Two top Indian officials headed Friday to Sri Lanka to demand an immediate cease-fire in the bloody civil war as a private U.N. document reported that nearly 6,500 ethnic Tamil civilians were killed in the last three months of fighting.
Concern for the safety of the civilians trapped in the war zone has increased in recent weeks as the government pushed ahead with its offensive to crush the Tamil Tiger rebels and end the nation's quarter-century civil war.
On Monday, the military broke through rebel fortifications on the edge of a previously declared "no fire" zone along the northeastern coast, sparking an exodus of more than 100,000 civilians. The rebels said at least 1,000 civilians were killed in that battle and the Red Cross said hundreds had been killed or wounded.
Neighboring India, under pressure from its own Tamil population in the midst of a national election, was sending National Security Adviser M. K. Narayanan and Foreign Secretary Shivshankar Monen to Sri Lanka on Friday to push for a cease-fire.
'All killing must stop'
"We are very unhappy at the continued killing in Sri Lanka. All killing must stop. There must be an immediate cessation of all hostilities," External Affairs Ministry spokesman Vishu Prakash said in a statement Thursday.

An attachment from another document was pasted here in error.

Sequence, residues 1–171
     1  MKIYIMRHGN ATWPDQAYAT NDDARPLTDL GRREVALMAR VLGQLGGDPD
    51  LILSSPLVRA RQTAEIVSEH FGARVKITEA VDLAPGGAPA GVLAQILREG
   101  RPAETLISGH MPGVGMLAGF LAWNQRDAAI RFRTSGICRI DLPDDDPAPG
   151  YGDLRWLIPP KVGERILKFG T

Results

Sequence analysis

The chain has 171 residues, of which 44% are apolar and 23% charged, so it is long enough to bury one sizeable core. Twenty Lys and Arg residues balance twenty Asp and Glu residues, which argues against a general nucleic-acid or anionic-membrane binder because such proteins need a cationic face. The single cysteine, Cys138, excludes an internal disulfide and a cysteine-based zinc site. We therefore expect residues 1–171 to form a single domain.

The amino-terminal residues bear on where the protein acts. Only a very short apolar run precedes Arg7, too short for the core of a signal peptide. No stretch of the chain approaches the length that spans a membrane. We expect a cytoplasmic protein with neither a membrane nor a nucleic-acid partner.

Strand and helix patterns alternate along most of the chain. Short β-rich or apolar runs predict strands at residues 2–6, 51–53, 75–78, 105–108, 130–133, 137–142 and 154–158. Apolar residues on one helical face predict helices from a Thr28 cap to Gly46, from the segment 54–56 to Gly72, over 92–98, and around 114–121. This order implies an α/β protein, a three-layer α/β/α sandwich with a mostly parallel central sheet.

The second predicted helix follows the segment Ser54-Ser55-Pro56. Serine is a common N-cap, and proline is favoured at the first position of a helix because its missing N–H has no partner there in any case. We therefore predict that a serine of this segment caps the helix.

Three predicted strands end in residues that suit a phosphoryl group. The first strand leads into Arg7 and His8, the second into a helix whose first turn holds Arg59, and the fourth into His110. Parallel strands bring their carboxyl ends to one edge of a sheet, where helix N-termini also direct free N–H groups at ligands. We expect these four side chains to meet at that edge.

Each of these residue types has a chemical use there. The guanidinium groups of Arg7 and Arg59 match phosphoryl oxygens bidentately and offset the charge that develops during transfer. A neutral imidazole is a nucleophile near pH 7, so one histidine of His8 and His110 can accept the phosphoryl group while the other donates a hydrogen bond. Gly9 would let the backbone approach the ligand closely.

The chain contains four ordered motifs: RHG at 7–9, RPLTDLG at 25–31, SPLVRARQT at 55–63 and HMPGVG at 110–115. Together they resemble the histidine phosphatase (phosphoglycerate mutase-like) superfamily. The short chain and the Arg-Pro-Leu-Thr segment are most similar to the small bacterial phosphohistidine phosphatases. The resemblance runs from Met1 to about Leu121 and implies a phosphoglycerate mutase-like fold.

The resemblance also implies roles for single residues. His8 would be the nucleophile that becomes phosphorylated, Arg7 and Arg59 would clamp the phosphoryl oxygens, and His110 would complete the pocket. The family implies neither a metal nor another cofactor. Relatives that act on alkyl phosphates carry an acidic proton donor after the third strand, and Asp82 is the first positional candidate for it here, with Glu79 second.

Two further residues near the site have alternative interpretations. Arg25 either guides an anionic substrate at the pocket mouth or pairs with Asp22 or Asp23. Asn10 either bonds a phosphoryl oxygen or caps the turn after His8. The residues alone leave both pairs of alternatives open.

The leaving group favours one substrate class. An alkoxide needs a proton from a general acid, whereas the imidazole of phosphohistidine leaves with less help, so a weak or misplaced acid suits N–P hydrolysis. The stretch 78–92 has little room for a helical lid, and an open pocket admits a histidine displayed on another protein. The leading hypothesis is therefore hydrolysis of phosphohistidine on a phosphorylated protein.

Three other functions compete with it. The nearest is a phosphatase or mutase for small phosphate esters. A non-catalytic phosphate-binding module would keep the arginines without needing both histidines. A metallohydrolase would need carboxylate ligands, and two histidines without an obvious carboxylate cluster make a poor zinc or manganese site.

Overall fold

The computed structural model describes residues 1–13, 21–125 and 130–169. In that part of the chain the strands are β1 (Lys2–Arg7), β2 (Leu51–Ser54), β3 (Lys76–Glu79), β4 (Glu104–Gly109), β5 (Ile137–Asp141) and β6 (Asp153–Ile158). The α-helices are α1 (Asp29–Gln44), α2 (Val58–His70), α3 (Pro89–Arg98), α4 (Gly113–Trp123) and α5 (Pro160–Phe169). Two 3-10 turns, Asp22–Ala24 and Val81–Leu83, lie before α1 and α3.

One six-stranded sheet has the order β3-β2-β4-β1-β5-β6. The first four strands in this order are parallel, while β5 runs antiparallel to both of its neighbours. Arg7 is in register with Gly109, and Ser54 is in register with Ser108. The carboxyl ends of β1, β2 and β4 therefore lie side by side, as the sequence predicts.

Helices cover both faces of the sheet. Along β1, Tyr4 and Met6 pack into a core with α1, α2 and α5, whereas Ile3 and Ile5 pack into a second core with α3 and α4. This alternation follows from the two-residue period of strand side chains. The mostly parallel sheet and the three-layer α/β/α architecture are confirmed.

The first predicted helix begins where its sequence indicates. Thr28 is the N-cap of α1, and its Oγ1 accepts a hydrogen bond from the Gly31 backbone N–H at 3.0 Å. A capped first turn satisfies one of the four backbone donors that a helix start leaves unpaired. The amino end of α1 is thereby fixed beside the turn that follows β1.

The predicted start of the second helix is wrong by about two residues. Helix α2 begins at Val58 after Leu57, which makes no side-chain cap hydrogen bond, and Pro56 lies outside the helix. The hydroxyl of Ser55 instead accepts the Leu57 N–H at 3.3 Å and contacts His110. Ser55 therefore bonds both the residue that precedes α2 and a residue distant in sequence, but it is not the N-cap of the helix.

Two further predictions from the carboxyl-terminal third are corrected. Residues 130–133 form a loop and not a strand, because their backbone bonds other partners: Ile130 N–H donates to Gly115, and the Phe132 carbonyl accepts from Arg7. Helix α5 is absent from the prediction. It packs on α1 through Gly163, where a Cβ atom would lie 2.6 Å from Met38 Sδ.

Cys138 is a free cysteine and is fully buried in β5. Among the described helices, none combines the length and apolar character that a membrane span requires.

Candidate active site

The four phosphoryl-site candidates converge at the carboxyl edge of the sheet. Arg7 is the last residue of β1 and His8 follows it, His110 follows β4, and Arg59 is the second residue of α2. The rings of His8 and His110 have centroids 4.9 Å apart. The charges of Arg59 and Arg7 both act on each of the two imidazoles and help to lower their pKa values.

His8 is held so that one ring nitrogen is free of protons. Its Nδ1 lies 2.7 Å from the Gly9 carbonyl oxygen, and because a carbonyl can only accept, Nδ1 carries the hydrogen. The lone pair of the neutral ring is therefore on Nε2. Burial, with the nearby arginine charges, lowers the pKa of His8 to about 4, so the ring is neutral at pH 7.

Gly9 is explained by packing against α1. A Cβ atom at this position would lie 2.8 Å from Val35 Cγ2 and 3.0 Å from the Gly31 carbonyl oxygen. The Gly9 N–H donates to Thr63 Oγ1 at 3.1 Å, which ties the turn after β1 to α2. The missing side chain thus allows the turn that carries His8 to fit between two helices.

International rights groups have accused the government of shelling densely populated civilian areas in the war zone and accused the rebels of holding the civilians hostage for use as human shields against the government offensive. Both sides deny the accusations.
At least 6,432 civilians were killed in the intense fighting over the past three months and 13,946 wounded, according to a private U.N. document circulated among diplomatic missions in Sri Lanka in recent days. The casualties were reported as "verified data" in the document, which was given to The Associated Press by a foreign diplomat Friday.
The U.N. has declined to publicly release its casualty figures and had no immediate comment on the document.
The level of civilian deaths has increased dramatically as the fighting has worn on, according to the U.N. An average of 33 civilians were killed each day at the end of January, a number that jumped to 116 by April, the document reported.
The rebels have been fighting to create an independent homeland for ethnic minority Tamils, who have faced decades of marginalization by governments controlled by the ethnic Sinhalese majority.
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